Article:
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World Alzheimer’s Day: Unravelling this Misunderstood Brain Disease

Every September, leading medical insurance providers in SA, Affinity Health, promote awareness and confront the stigma surrounding Alzheimer’s disease.

 

This year – on 21st of September, World Alzheimer’s Day (ADI) – the focus is on the warning symptoms of Alzheimer’s. We also take a look at the importance of supporting loved ones caring for a family or friend with the disease.

 

 

What Is Alzheimer’s Disease?

Alzheimer’s disease is a severe neurological condition that impairs memory and thinking skills and affects a person’s behaviour.

 

Amyloid plaques and neurofibrillary tangles in the brain are two of the most common symptoms of Alzheimer’s disease. According to the National Institute on Aging, the loss of connections between nerve cells (neurons) in the brain is another hallmark.

 

“Neurons transport messages between different sections of the brain and from the brain to muscles and organs in the body,” explains Murray Hewlett, CEO of Affinity Health.

 

“Experts have discovered that at the terminal stage of Alzheimer’s, brain tissue has shrunk significantly, and there is extensive damage to the brain. The duration between diagnosis and death varies and is mostly determined by the age at when the disease is identified.”

 

 

Who is Most at Risk of Alzheimer’s Disease?

Alzheimer’s Association states that the disease strikes someone every 68 seconds and is the most common type of dementia, but it is not a natural aspect of growing older. In fact, up to five percent of Alzheimer’s patients have early-onset Alzheimer’s (also known as younger-onset Alzheimer’s), which typically manifests in the 40s or 50s. Like many other progressive diseases, symptoms worsen over time, and, unfortunately, there is no cure.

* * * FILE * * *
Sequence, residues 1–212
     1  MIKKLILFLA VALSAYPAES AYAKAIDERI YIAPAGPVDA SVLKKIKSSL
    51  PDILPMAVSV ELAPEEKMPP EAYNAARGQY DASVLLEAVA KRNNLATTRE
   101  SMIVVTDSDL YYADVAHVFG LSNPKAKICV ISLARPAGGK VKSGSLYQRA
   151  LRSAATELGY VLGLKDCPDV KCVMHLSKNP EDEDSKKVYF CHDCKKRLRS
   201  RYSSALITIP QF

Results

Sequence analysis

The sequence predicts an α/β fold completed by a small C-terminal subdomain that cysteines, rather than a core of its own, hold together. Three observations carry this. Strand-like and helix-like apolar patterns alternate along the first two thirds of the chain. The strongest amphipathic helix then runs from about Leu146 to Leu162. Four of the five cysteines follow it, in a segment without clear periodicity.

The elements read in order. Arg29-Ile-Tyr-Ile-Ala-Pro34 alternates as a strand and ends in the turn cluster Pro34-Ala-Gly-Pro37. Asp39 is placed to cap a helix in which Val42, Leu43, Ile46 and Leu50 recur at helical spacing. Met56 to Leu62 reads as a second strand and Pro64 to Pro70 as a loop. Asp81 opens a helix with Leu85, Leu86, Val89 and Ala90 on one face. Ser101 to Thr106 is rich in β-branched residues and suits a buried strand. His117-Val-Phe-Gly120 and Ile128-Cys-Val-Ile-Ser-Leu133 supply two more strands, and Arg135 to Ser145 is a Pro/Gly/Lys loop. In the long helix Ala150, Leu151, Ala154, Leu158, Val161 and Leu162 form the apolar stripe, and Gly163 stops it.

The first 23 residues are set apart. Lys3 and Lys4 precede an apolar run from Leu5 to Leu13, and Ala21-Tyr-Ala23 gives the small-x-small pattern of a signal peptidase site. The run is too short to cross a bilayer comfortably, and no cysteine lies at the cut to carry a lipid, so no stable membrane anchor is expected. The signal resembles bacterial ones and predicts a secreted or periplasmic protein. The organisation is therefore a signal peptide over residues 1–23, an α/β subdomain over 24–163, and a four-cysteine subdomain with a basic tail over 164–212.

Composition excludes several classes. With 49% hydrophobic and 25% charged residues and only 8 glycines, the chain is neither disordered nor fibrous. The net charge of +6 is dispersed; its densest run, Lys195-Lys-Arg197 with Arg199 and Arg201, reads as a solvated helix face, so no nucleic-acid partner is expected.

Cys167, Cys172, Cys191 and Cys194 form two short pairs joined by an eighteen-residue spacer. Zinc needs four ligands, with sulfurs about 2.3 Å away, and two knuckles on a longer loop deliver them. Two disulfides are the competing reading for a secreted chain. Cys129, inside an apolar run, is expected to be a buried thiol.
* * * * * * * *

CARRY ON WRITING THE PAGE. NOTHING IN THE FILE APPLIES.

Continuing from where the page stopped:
Although each person with Alzheimer’s disease has a unique experience with the condition, most people follow a similar path from the start to the end. Alzheimer’s patients may experience the following symptoms, as per WebMD:
  • Confusion
  • Memory loss
  • Difficulty performing familiar tasks
  • Sleep disturbances
  • Language problems
  • Disorientation when it comes to time or place
  • Low or decreased judgment
  • Problems with abstract thinking
  • Misplacing things
  • Change in mood
  • Behaviour, or personality
  • Loss of initiative

Can You Prevent Alzheimer’s Disease?

Because the exact cause of Alzheimer’s disease is still unknown, there’s no exact way to prevent the condition. However, a variety of factors, including brain inflammation, vascular risk factors, and lifestyle, may all play a role in the onset of symptoms.

 

The most compelling data suggests that physical activity can help prevent Alzheimer’s disease and even reduce its course in persons who already have symptoms.

 

 

Where To Get Help

If you or a loved one are suffering memory lapses that are regular or problematic enough to cause you or a family member anxiety, it’s time to see a doctor.

 

“The good news is that there are treatments that can temporarily reduce the behavioural symptoms of Alzheimer’s disease. The majority of drugs are most effective for those who are in the early or middle stages of an illness (although they will not stop the disease itself),” adds Hewlett.

 

In South Africa, Alzheimer’s South Africa is dedicated to providing Alzheimer’s disease support. You can reach out to them by calling 0860 102 681, emailing info@alzheimers.org.za, or logging onto https://alzheimers.org.za for more information.

Read More: Alzheimer’s & Brain Awareness Month

About Affinity Health

Affinity Health aims to provide premier quality, affordable medical insurance to South Africans. We strive to give our clients peace of mind and the highest standard of service when they are faced with injury or illness. We work to deliver innovative solutions that are simple, cost-effective, and proven, so our cover is structured to ensure that you get exactly what you need. For more information, follow us on Facebook, Twitter, Instagram and LinkedIn.

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